NBA PLAYOFFS : Scott Helps Lakers Beat Warriors’ Rap, 115-112 : Game 3: Golden State talks big before game but cools off after Run DMC’s introductions. L.A. takes a 2-1 edge in the second-round series.


OK party animals, you can take those funny hats off.

The Warriors enjoyed their Game 2 upset to the max, to the point of having the rap group, Run DMC, introduce them before Friday night’s game. Unamused, the Lakers cooled Run TMC off and won, 115-112, for a 2-1 lead in the NBA Western Conference semifinal series.


With the rap bit, the Warriors’ intro lasted three minutes, making everyone glad they weren’t introducing an 11-man football team.

Meanwhile, the Lakers pawed at the floor, paced in front of their bench, finally taking the court frowning and there went the good times.


“I enjoyed it,” said Mike Dunleavy, icily.

“They’ve got Run DMC, Run TMC, all that stuff,” Byron Scott said. “They were over there smiling and laughing.

“I think we came to play. They came to play, too, I’m not saying they didn’t, but that just got us ready.”

How about making him angry?

“To be honest with you, yes, it did a little bit.”

Here’s how the Lakers won:

Mike Dunleavy switched Magic Johnson onto Tim Hardaway and James Worthy onto Chris Mullin.

The revamped Lakers’ defense held Run TMC, the trio of Hardaway, Mitch Richmond and Mullin to 61 points, compared with Game 2’s 91.

It also knocked down Mullin’s numbers for him, from Game 2’s 41 to Friday’s 13.

Mullin, 16 for 21 in Game 2 while making only three shots inside 20 feet, went four for 14 Friday.


Worthy, the defensive star, also led all scorers with 36. Said Johnson: “James was awesome.”

The Lakers held the Warriors to one field goal in a span of 5:50 late in the third quarter and early in the fourth, breaking open a close game, taking an 11-point lead in the last 3:25.

The Warriors sliced it to 110-108 on Hardaway’s three-point basket.

Scott answered with his own three-pointer.

The Warriors cut it to 113-112 on Sarunas Marciulionis’ six-footer with 37 seconds left.

Scott answered with a 15-footer with 20 seconds left.

Needing a three-pointer to tie, the Warriors got their chance. Hardaway forced up a shot that missed badly but got the ball back when the rebound was batted out.

This time Hardaway’s three-point attempt was long.

The Lakers and Warriors were still rolling on the floor after the rebound when the buzzer went off.

Ask the Lakers, that’s entertainment.

The Warriors had fairly floated into the evening off their upset at the Forum. When they practiced here the next day, members of their front office stood on the sideline and clapped.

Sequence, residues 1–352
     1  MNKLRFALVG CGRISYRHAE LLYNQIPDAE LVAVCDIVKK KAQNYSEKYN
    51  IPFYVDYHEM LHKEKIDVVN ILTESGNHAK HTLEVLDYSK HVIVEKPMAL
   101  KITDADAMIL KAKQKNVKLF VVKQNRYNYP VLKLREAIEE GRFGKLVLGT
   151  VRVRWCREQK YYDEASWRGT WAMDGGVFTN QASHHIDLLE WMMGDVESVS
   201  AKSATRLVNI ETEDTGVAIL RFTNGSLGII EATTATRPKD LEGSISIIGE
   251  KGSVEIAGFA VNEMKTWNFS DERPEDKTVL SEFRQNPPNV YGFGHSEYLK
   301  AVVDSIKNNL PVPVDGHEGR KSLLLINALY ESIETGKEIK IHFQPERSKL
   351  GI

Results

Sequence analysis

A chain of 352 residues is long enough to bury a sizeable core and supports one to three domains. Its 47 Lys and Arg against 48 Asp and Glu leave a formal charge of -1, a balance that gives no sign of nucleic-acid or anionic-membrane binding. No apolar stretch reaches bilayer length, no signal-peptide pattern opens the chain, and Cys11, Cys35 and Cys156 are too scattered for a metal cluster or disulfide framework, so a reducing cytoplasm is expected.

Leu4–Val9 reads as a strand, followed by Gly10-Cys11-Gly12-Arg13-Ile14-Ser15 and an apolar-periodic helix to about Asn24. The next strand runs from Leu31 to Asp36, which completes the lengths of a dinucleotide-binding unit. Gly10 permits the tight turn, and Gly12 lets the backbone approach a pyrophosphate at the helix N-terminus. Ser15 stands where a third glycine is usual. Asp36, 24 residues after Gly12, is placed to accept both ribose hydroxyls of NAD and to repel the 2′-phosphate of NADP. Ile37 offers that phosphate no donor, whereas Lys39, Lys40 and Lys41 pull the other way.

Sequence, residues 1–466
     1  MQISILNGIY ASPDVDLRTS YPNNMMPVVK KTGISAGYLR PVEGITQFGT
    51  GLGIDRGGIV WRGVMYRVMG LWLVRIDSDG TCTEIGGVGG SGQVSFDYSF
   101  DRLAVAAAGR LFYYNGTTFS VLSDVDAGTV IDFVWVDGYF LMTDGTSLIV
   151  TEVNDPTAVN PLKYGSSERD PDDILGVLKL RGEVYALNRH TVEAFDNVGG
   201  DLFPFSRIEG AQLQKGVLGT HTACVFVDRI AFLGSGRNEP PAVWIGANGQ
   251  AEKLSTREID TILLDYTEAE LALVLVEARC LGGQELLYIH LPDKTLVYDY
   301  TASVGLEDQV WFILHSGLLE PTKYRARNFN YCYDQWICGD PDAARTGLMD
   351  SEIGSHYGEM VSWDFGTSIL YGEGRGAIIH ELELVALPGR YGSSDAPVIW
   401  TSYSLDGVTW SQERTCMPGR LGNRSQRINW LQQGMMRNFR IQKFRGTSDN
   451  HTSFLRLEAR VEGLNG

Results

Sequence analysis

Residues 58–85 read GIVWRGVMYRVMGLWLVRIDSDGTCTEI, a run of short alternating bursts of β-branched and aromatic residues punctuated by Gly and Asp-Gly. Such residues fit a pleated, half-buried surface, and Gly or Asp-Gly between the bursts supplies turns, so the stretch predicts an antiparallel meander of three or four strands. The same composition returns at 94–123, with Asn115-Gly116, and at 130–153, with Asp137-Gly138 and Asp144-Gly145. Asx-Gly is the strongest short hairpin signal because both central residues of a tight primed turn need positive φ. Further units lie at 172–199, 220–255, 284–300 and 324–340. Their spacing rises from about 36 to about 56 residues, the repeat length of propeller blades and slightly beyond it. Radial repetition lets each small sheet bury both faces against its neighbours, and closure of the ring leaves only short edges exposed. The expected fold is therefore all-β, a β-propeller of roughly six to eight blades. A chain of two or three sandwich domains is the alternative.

Mullin, Richmond and Hardaway had dinner with Run DMC Thursday night.

TMC said DMC could talk, all right.

“Run (a group member) said, ‘I’m getting ready to take you . . . to the hoop,’ ” Hardaway said before the game.

“I said, ‘Did I hear correct?’ ”

For the record, TMC beat DMC, 4-0.

Other highlights off the off day included Coach Don Nelson labeling his team “The Little Train That Could” and Tom Tolbert, saying the slower Lakers’ offense reminded him of “Minnesota with gold uniforms.”

The Warriors hadn’t seen anything yet.

The Lakers went to Worthy and Sam Perkins in their post-up game in earnest. Perkins put Nelson’s first three centers on the bench in foul trouble in the first quarter.

“Earvin said we were just going to be doctors today,” Scott said. “He was going to be the operator.”

Said Johnson: “We were going in to our big men. I told them from Jump Street, if I score 40 points, we can’t win. I knew that. They knew that.”

The Lakers opened an early 13-point lead, led by nine when Johnson rested in the second quarter, led by one 3:31 later when Dunleavy rushed Magic back in.

That was an opportunity Dunleavy wasn’t about to duplicate.

Johnson played the entire second half, 45 minutes in all.

The Lakers led, 57-50, at the half.

The Warriors wiped that out in 1:38 of the third quarter, with three shots.

The teams were on even terms until the Warriors hit a cold stretch. The Lakers took an 81-78 lead at the end of the third quarter and ran it up to 11.

The Warriors made their last run.

Scott’s shots held them off.

“I felt bad about that last game,” Scott said. “I felt bad about the way I played. I didn’t get involved.

“I wasn’t going to let them play five on four tonight.”

He didn’t.

Look for a shorter pregame introduction Sunday.